President’s Pension, Local Gov’t Bills high on 11th Parliament agenda – says new Attorney-General

Attorney General Basil Williams


NEWLY-appointed Attorney-General and Minister of Legal Affairs, Basil Williams, has said that the David Granger administration in the 11th Parliament will bring back legislation previously approved in the National Assembly that were not assented to by former President Donald Ramotar. Speaking to this publication at Tuesday’s inauguration of President David Granger, the AG said that the 11th Parliament would reconsider the Local Government Amendment Bills as well as the Former President’s Pension, Utility and Other Facilities Bill 2012, which was enacted by Former President Bharrat Jagdeo in 2009.
Williams said this move will ensure the Government’s commitment to “re-erecting the pillars of democracy” as it took over from the People’s Progressive Party/Civic (PPP/C) administration, which lost the reins of power following their defeat at the May 11 polls.
The Attorney General said there is a plethora of legislation to be addressed by the 11th Parliament, which also includes restoring the independence of the judiciary.
The Granger administration in the 11th Parliament, which reportedly is to be convened in June, cannot enact major constitutional reforms without the support of the opposition People’s Progressive Party/Civic.
“What legislation could be changed, we will change,” AG Williams said, adding that “the question of major constitutional reform…would require two thirds majority.”
“We would have to enlist the cooperation of the Opposition,” he further clarified.
Following the 2011 general and regional elections, the A Partnership for National Unity (APNU), and the Alliance For Change (AFC) held a combined majority of 33 seats in the National Assembly. That was the first time in Guyana’s history that a Government had held a minority of 32 seats in the National Assembly.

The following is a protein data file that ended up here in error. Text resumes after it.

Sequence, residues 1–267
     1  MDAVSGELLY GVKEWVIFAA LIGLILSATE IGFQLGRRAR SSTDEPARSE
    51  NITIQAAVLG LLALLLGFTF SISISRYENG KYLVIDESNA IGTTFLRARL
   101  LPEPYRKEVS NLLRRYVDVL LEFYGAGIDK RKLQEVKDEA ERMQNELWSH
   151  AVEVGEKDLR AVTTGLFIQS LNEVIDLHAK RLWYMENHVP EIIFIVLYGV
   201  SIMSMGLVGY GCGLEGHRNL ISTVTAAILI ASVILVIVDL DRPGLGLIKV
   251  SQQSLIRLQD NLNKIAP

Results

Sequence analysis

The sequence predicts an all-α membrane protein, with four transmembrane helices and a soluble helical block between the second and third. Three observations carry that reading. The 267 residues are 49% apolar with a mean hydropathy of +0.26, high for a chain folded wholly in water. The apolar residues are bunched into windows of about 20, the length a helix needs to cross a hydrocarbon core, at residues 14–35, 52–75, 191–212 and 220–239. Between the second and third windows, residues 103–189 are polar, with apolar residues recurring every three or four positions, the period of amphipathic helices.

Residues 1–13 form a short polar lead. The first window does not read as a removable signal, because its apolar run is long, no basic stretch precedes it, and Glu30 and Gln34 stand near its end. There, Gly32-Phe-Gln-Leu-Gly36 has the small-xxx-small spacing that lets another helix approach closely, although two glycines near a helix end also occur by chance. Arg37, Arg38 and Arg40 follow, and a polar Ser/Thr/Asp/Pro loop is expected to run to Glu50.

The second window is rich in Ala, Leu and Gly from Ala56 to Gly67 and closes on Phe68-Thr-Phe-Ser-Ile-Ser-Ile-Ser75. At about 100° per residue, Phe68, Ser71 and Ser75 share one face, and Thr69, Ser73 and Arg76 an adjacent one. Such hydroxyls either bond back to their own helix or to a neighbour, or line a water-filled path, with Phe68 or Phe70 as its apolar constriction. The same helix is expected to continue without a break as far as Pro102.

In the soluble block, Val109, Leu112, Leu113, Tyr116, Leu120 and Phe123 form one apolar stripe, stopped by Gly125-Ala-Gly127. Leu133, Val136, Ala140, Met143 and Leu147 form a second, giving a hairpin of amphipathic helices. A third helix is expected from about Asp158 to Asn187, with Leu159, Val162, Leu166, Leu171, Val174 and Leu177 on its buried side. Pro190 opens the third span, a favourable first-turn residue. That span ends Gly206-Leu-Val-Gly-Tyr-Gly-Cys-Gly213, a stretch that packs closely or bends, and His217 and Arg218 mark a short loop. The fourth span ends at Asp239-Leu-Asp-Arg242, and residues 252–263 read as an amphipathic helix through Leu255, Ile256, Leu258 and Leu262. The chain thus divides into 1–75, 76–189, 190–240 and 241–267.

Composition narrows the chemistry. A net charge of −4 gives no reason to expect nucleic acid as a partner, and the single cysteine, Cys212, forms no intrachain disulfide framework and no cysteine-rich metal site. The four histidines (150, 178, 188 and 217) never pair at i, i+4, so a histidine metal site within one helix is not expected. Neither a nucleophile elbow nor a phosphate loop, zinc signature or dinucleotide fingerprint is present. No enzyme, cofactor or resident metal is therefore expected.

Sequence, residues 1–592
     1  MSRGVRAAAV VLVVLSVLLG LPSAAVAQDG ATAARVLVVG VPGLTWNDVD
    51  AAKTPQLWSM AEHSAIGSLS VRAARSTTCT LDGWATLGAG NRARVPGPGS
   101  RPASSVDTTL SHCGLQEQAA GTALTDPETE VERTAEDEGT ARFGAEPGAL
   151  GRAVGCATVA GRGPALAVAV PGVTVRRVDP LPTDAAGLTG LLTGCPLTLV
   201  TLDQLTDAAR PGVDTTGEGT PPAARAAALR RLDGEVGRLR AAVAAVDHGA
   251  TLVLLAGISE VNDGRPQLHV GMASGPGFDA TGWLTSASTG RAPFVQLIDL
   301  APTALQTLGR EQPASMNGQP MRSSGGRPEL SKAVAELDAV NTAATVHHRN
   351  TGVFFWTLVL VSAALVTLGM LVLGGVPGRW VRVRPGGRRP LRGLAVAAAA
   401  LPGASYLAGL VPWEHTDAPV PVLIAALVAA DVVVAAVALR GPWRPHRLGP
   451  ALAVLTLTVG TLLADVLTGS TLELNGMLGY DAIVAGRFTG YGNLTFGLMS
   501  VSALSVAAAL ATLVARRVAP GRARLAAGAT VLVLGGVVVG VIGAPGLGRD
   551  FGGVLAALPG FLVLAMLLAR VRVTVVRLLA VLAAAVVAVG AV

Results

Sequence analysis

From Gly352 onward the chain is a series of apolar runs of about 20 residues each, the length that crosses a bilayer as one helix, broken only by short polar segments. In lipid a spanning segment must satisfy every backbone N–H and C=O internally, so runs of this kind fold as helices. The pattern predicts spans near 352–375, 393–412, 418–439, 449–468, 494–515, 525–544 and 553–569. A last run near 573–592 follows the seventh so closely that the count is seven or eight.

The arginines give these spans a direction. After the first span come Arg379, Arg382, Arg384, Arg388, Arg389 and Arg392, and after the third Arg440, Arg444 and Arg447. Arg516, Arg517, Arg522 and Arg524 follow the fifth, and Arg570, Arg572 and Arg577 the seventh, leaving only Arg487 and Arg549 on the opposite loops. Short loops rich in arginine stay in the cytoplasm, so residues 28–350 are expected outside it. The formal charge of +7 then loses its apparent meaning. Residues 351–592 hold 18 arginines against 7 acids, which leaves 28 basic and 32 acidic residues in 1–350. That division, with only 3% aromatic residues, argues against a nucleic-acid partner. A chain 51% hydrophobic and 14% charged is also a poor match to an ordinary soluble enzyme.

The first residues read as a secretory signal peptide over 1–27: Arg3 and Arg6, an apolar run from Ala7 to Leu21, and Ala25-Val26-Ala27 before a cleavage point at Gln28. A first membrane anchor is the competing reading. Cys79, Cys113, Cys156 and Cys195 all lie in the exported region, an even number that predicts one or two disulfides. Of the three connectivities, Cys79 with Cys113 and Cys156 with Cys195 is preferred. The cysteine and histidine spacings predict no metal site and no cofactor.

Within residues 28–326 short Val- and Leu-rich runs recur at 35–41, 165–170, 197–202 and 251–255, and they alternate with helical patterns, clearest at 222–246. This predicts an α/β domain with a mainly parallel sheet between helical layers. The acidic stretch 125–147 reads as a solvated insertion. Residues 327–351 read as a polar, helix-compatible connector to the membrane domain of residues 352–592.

As it relates to enacting legislation, Article 164 of the Guyana Constitution states that no bill passed by the National Assembly will become law unless it is approved by the President.
With a one-seat majority in the soon-to-be convened 11th Parliament, the Granger administration would be able to legally approve legislation with a simple majority of 33 seats.
In the 10th Parliament, former Prime Minister and Minister of Parliamentary Affairs in the Ramotar administration, Samuel Hinds said in 2012 the amendments to the President’s pension, which included an alleged monthly payment of US$15,000, as well as an unlimited supply of staff, were based on a vendetta by the then APNU/AFC combined Opposition in the National Assembly.
As it relates to Local Government amendment legislation, former President Ramotar had given assent to three of the four bills placed before him by the APNU/AFC -controlled Parliament between 2011 and 2014. Those assented were the Fiscal Transfers Bill 2012, Municipal and District Councils Bill, and the Local Government Commission Bill.
Ramotar however had withheld his assent for the Local Government (Amendment) Bill which would have stripped the Minister of Local Government and Regional Development of his powers over local government authorities in Guyana’s six municipalities, and 65 Neighbourhood Democratic Councils (NDCs).
That power would’ve been re-directed to sitting members of the Local Government Commission.

(By Derwayne Wills)